PLATO was a very early, innovative computer-based learning system developed at the University of Illinois; it ran on mainframes, driving large numbers of interactive terminals. (In the late 1960s, custom plasma monochrome bit-mapped displays were produced for it, to allow graphics to be used.) It later became a product for Control Data Corporation, the builders of the mainframes on which it ran (at one point, a CDC 6600).
PLATO also birthed very early examples of many things which later became key elements of online communities, including instant messaging, email, message boards, chat rooms, and multi-player video games. The exact import of these is unclear, since many other early system had similar features, e.g. CTSS had email. While PLATO did not directly influence the early ARPANET community, very large numbers of users were exposed to PLATO, and so its ideas had a means to be adopted elsewhere.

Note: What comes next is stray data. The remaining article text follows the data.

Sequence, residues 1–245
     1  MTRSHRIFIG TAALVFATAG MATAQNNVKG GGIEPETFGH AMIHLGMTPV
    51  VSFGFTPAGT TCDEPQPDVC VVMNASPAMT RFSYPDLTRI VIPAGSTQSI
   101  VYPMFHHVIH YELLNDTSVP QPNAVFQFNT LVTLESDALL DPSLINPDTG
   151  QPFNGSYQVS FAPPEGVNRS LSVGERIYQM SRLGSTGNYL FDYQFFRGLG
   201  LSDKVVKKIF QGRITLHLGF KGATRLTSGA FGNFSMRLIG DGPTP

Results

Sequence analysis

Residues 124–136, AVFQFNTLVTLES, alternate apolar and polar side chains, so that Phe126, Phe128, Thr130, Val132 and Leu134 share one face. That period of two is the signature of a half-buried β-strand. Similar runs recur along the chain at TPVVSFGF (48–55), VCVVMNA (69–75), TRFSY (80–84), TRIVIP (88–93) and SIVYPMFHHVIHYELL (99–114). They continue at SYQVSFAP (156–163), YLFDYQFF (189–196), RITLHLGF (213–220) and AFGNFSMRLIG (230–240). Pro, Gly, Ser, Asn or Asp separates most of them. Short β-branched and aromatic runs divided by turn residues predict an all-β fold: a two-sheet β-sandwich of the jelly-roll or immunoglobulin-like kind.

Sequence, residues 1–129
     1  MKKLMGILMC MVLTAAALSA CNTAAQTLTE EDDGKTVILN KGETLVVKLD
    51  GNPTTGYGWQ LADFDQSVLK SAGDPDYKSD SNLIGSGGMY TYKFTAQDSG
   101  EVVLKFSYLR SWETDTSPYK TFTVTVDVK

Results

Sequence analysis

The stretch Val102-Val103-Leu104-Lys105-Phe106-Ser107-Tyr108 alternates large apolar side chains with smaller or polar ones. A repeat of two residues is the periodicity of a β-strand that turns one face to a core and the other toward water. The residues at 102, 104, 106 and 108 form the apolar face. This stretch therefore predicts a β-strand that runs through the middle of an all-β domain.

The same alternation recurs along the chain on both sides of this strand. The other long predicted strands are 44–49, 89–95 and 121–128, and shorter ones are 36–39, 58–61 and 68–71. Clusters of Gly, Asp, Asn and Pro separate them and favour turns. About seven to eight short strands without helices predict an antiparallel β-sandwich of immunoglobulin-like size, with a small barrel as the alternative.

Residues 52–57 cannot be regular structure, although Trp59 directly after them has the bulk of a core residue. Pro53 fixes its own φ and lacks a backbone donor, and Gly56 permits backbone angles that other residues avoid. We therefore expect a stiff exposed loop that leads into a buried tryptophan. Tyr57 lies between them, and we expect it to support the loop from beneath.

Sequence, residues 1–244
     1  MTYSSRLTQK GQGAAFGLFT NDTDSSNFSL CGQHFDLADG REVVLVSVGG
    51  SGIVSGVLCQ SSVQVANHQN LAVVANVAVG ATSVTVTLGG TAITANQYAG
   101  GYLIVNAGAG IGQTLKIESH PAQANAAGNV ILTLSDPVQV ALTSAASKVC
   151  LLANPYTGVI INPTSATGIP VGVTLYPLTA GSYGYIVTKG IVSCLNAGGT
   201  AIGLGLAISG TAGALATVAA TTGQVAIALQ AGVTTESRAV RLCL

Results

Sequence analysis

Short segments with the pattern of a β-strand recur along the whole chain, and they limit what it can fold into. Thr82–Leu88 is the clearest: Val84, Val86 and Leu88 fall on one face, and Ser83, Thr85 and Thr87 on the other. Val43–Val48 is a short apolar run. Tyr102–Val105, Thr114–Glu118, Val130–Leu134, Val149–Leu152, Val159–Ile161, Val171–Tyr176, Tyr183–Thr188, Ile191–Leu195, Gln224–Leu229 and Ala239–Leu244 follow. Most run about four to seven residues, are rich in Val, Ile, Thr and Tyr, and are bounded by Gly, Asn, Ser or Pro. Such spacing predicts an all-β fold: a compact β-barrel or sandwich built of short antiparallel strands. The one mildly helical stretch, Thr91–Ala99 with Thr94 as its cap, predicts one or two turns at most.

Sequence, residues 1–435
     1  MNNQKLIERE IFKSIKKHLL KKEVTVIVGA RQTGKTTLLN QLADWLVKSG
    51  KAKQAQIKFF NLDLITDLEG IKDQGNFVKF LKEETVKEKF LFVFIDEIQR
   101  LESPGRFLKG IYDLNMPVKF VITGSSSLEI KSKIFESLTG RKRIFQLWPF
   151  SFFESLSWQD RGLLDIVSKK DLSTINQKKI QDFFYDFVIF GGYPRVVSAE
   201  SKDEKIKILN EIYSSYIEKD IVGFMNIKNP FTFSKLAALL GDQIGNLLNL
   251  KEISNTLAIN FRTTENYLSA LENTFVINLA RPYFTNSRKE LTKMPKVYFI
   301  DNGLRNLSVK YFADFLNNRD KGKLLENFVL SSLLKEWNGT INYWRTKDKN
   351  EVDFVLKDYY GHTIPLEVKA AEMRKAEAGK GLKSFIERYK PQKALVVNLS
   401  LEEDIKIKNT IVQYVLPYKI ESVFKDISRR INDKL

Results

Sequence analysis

- Brian Dear, "The Friendly Orange Glow: The Untold Story of the PLATO System and the Dawn of Cyberculture", Pantheon, New York, 2017 - A detailed, well-researched history; short of technical detail in some areas, though